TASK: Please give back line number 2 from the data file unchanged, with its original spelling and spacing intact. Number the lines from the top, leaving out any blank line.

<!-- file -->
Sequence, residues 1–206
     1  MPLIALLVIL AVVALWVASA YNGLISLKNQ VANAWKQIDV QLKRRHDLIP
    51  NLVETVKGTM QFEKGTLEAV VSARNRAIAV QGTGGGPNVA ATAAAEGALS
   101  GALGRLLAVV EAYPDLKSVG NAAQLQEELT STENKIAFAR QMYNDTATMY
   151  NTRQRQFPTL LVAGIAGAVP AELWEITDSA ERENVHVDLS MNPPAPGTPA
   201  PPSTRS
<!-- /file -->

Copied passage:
     1  MPLIALLVIL AVVALWVASA YNGLISLKNQ VANAWKQIDV QLKRRHDLIP